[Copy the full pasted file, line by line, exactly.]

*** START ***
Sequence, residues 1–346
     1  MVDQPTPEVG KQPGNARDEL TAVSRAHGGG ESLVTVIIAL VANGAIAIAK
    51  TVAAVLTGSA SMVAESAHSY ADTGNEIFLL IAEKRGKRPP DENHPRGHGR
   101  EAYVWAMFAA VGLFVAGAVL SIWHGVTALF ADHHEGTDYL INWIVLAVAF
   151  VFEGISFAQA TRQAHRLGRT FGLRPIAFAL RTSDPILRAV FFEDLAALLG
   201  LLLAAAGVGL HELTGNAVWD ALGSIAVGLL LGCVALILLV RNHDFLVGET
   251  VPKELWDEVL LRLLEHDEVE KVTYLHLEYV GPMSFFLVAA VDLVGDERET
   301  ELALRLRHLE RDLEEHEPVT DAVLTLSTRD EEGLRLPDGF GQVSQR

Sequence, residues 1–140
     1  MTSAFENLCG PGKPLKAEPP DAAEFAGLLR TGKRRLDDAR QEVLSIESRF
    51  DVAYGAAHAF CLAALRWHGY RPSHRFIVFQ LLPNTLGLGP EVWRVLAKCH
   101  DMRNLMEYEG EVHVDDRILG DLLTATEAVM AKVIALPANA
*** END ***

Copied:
Sequence, residues 1–346
     1  MVDQPTPEVG KQPGNARDEL TAVSRAHGGG ESLVTVIIAL VANGAIAIAK
    51  TVAAVLTGSA SMVAESAHSY ADTGNEIFLL IAEKRGKRPP DENHPRGHGR
   101  EAYVWAMFAA VGLFVAGAVL SIWHGVTALF ADHHEGTDYL INWIVLAVAF
   151  VFEGISFAQA TRQAHRLGRT FGLRPIAFAL RTSDPILRAV FFEDLAALLG
   201  LLLAAAGVGL HELTGNAVWD ALGSIAVGLL LGCVALILLV RNHDFLVGET
   251  VPKELWDEVL LRLLEHDEVE KVTYLHLEYV GPMSFFLVAA VDLVGDERET
   301  ELALRLRHLE RDLEEHEPVT DAVLTLSTRD EEGLRLPDGF GQVSQR

Sequence, residues 1–140
     1  MTSAFENLCG PGKPLKAEPP DAAEFAGLLR TGKRRLDDAR QEVLSIESRF
    51  DVAYGAAHAF CLAALRWHGY RPSHRFIVFQ LLPNTLGLGP EVWRVLAKCH
   101  DMRNLMEYEG EVHVDDRILG DLLTATEAVM AKVIALPANA